Images: 1, 2, 3, 4, 5



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It's funny because the older I get the harder it becomes to differentiate faces.

Ironically something very interesting started happening to me a while back. I've seen a lot of people submit their body to hormone replacement therapy to change their perceived sex. As a result, my brain started automatically converting all faces to what they would look like as the opposite sex and through time. I don't know how to explain it other than my brain got in the habit of trying to predict this stuff.

I can see a child and tell you what they will look like when they grow up. I also see parts of people's faces on other faces. The older I get the more humanity merges in my eyes. I just hope my ability to distinguish people from each other doesn't go away, that would suck big time.

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wow that's so interesting, thanks for sharing your experience!
I actually think it's a positive, not a negative for you - it's a special ability, and even if you might confuse people from time to time, I'm sure they'll understand!

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exactly, we humans "see" faces everywhere!

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Yes, its called Pareidolia
https://en.wikipedia.org/wiki/Pareidolia

it's REALLY hard to recognize a face when it's upside down, I saw lots of those pictures before and always thought there was nothing wrong with the face - then it turned around and the eyes were like the wrong way around and everything was just distorted and ugly, without me even noticing ^^

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yes, I experienced the same strange phenomenon as well!

Nice summary:)

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thank you!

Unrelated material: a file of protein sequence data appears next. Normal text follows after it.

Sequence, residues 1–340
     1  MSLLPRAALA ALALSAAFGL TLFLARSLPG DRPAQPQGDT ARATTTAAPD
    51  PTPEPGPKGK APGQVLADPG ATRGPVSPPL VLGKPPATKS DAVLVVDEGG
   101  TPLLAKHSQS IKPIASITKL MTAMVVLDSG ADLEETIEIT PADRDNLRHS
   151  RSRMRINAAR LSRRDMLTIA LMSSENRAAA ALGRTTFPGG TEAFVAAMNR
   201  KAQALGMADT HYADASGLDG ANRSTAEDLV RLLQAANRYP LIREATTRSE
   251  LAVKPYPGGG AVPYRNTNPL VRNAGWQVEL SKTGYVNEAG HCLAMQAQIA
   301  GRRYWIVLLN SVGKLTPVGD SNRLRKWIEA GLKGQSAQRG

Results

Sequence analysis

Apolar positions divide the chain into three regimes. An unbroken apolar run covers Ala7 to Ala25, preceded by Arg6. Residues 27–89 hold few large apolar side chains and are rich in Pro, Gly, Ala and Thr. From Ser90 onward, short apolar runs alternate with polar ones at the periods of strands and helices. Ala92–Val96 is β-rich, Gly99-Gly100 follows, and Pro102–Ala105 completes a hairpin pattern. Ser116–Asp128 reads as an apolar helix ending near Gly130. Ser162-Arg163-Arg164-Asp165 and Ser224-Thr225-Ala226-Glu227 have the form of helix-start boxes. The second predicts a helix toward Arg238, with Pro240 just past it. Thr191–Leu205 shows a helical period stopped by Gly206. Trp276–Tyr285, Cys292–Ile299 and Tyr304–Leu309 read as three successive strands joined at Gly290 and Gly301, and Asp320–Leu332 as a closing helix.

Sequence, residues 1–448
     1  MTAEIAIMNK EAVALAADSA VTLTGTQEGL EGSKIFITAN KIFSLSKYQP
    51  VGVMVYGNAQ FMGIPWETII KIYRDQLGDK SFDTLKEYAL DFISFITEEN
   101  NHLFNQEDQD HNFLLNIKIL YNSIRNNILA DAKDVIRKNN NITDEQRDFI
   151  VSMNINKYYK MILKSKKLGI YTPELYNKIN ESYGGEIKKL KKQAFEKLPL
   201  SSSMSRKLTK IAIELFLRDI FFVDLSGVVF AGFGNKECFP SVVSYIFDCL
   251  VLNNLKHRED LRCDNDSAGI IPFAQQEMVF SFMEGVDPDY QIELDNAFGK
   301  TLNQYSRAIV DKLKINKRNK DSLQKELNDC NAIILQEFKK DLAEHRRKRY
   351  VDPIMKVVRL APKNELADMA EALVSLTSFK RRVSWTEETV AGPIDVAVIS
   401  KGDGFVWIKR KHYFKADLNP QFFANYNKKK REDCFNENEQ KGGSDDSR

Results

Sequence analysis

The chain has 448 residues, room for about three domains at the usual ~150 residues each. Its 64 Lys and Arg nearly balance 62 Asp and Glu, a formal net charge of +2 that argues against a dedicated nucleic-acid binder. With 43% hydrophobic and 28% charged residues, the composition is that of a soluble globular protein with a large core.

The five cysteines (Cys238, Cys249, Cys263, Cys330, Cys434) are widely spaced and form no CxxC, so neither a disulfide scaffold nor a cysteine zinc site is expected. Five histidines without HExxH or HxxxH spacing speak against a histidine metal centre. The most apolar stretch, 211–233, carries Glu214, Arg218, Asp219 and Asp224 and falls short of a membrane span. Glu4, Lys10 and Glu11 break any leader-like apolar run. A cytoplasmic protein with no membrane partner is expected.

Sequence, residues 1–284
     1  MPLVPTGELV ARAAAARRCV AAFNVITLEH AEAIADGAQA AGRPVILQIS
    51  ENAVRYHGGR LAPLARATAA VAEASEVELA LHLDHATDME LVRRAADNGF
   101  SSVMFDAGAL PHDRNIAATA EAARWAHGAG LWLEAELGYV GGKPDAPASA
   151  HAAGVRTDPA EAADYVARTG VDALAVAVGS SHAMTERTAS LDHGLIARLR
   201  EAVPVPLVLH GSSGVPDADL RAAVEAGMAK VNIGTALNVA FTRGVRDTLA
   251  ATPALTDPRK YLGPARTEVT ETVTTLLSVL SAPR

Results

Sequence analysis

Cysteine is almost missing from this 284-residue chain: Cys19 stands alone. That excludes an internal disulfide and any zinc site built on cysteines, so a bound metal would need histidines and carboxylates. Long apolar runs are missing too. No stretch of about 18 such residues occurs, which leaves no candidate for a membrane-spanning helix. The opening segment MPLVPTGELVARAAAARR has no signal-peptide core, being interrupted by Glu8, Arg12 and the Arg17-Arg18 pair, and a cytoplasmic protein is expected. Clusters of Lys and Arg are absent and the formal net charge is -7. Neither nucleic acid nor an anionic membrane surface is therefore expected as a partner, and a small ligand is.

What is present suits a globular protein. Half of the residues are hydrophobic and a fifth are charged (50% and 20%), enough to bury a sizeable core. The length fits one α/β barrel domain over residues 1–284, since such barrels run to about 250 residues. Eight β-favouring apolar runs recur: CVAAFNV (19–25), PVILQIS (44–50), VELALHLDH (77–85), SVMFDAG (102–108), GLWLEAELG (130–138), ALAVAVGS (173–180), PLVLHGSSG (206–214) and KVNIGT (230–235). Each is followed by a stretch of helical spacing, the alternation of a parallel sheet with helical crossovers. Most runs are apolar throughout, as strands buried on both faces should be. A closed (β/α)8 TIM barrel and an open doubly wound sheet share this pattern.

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You're welcome:)

Will you recognize this face...

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always! ;)

we always took the ability to recognize faces for granted, without knowing how complex the process actually is!

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exactly - it's something we never really think about it but this ability is a gift!

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There are people who cant recognize faces. Imagine how hard they have it in everyday life.

very interesting topic, I had no idea that face perception was such an important process

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it's really a complex task for our brain - and it manages that pretty well!

Awesome post! Very interesting! Upvoted and resteemed!

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thank you, appreciate it!

I had no idea that we process a face totally differently than any other object - thats crazy!!

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glad to hear that you enjoyed the topic!

interesting - I love posts like these, keep it up!

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thank you, appreciate it!

I’ve never thought about this, what an interesting phenomenon!

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glad to hear that you liked it!

For this type of great posts I just love steemit. High quality content rules!

I am very bad at faces and names. Perhaps it has to do with the fact that I dont put any meaning in the appearance but only what the person does.

Not only because of that I am always amazed at the woman working at the doctor. Once I walked in there I was greeted with name - it was the second time I was there and the first was more then a year ago! I would not have been able to say with any confidence if that woman worked there a year ago or not.

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Do you happen to know how this relates to Prosopagnosia? I deal with mild facial blindness, so this is interesting to read!